Amazon’s Recognition software lets cops track faces: Here’s what you need to know

Amazon’s Recognition software lets cops track faces: Here’s what you need to know

Amazon Rekognition is the company’s effort to create software that can identify anything it’s looking at — most notably faces.


Business organizations and, yes, law enforcement agencies are already licensing that software for their own use. That means that you don’t need to use Facebook or buy a face-scanning iPhone or a fancy video doorbell from Google-owned Nest or Amazon-owned Ring in order for facial recognition to be a part of your everyday life. With Rekognition, maybe it already is.

And maybe you aren’t OK with that. Civil liberties groups such as the ACLU have already raised concerns about the speedy adoption of facial recognition tech among US law enforcement agencies and the potential for its abuse, particularly against immigrants and people of color. Many — including some of Amazon’s own employees and shareholders — want the company to hit the brakes.

The controversy caught the attention of Congress last year, and now, with the Senate recently proposing a bill that would limit businesses from collecting and tracking facial recognition data without consent, it seems that Rekognition might be in for a reckoning.

All of which is to say that it’s a good time to dive in and get a better understanding of what Rekognition is, how it works and what it’s being used for.

What exactly does Amazon Rekognition do?

Glad you asked. Let’s start by looking at what Amazon says:

“Amazon Rekognition makes it easy to add image and video analysis to your applications. You just provide an image or video to the Rekognition API, and the service can identify objects, people, text, scenes and activities. It can detect any inappropriate content as well.

“Amazon Rekognition also provides highly accurate facial analysis and facial recognition. You can detect, analyze and compare faces for a wide variety of use cases, including user verification, cataloging, people counting and public safety.”

Like a lot of what Amazon is up to these days, Rekognition centers on artificial intelligence and machine learning. If Alexa is Amazon’s effort to give AI ears and a voice, then Rekognition could be seen as the company’s effort to give AI a sense of sight and the intelligence to recognize what it’s looking at. The difference is that Alexa is built for consumers like you and me, while Rekognition is an enterprise offering intended for businesses and organizations.

All of that sounds simple enough, right? It’s image- and face-detecting software that developers can license from Amazon for their own applications. But start thinking about the ways that businesses and organizations might be putting Rekognition to use — and some of the ways that they might in the future — and things get more complicated.

How does Amazon Rekognition work?

Amazon says that its Rekognition software is based on deep learning technology developed by computer vision scientists. It’s actually two separate software tools, or API sets: Amazon Rekognition Image, which analyzes images, and Amazon Rekognition Video, which analyzes video.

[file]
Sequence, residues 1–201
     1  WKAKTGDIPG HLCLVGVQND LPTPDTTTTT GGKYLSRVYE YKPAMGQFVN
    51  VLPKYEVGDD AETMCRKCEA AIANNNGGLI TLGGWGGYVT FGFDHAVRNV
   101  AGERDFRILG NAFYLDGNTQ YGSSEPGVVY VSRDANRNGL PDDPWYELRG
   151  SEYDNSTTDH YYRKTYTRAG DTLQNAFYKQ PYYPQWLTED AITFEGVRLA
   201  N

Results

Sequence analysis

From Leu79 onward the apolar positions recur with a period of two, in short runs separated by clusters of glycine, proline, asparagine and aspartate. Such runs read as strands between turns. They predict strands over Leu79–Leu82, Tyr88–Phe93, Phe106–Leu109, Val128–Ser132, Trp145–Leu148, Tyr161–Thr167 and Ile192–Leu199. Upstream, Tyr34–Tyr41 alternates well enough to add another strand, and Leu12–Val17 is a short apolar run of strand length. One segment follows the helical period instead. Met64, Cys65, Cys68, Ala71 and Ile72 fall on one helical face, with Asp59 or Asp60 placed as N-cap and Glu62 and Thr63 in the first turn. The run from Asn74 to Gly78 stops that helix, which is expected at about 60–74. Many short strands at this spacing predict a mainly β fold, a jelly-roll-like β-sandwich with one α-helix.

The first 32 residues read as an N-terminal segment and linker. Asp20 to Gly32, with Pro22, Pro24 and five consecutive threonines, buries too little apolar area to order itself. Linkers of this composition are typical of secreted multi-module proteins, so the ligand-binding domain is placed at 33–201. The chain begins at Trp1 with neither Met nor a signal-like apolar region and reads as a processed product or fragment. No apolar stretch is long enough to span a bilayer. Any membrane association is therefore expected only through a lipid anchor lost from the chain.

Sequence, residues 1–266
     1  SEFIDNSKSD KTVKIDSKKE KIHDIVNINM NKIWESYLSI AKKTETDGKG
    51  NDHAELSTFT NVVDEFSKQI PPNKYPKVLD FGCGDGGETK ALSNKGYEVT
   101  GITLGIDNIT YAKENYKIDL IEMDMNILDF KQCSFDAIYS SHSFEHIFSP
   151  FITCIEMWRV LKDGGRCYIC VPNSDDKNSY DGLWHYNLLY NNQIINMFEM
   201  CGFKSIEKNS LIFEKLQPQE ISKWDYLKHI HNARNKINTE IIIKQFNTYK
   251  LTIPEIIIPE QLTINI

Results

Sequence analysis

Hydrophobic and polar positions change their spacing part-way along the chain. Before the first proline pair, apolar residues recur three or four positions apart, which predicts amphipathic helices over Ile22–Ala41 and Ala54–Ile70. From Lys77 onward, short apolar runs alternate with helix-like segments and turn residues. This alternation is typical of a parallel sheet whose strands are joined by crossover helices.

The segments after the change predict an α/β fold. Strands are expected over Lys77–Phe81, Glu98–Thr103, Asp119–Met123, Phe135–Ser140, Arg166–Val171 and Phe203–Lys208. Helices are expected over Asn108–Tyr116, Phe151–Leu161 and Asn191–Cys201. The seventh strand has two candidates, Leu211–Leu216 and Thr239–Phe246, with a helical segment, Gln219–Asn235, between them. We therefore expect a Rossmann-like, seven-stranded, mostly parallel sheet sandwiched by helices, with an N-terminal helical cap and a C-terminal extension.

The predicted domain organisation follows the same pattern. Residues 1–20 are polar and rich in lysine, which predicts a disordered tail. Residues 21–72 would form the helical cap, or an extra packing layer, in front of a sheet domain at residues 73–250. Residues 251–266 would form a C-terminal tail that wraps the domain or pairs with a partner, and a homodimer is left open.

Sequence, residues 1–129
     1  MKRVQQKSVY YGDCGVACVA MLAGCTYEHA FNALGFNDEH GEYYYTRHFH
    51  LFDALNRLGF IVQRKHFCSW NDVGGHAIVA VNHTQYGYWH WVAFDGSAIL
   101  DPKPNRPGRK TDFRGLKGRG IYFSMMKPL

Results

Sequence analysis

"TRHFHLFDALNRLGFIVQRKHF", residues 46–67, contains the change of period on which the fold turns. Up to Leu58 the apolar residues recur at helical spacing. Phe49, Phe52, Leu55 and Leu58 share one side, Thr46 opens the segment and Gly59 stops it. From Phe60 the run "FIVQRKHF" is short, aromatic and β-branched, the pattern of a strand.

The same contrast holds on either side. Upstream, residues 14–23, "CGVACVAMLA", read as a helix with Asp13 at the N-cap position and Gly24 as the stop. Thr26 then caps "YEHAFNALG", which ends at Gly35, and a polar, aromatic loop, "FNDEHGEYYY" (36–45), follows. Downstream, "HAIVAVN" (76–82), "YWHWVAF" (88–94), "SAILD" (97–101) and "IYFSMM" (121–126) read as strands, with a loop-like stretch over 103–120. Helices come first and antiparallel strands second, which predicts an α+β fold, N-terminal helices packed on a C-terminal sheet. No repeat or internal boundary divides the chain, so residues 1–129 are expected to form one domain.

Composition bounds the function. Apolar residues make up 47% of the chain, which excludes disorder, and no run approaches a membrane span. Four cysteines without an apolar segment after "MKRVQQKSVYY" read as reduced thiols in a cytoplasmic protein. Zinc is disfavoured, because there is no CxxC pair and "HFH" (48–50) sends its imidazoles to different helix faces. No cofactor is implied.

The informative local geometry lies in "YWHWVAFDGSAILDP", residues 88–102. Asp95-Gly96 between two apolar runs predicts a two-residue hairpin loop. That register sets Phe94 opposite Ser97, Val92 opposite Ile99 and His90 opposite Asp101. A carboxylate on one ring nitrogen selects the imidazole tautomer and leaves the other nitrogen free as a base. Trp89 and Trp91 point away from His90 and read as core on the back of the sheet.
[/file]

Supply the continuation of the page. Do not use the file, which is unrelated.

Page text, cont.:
Like other image recognition applications, Rekognition looks for common structural identifiers called “landmarks” in whatever it’s looking at. With an apple, that might be the shape and color of the fruit, along with characteristics like the stem. With a face, it’s the shape of the features and the distance between them.

Once it’s scanned the evidence, the software assesses how confident it is that it knows what it’s looking at. That confidence variable acts as a threshold for declaring a match — one Rekognition user could say that anything above 75 percent confident is good enough to label as a positive match, while another user with a more high-stakes application might want to set the number at 99. The higher the confidence level, the more certain the software needs to be in order to declare a match.

A lot of that confidence is dependent on the quality and angle of the image in question, but software like this that’s programmed to recognize what it’s looking at has come a long way in recent years. That’s thanks in no small part to intense research interest from the titans of tech, not just Amazon, but Apple, Facebook, Google, Microsoft, Samsung and others.

“Rekognition is always learning from new data, and we’re continually adding new labels and facial recognition features to the service,” Amazon says.

With facial recognition, it’s important to note that Amazon doesn’t keep its own database of faces to match against. Instead, it’s up to the user to provide a “face collection” that they own and manage. For a photo storage service, that face collection could be the photos that users upload. For a law enforcement agency, the face collection could be an existing database of mugshots.

What does Amazon Rekognition cost?

Companies don’t pay an upfront cost to use Rekognition. They pay as they go based on how much they use it.

“With Amazon Rekognition, you pay for the images and videos you analyze and the face metadata that you store,” the company explains, adding that customers can analyze 5,000 images and 1,000 minutes of video per month for free during their first year using the service.

Rates after that vary based on region, but in the US, Rekognition customers pay 10 cents for each minute of video analyzed and $1 for every 1,000 images processed. Customers also pay to store the metadata from images and videos they analyze within Amazon’s servers. Discounted bulk rates apply for customers who process more than 1 million images….Read More>>>

Source:- cnet


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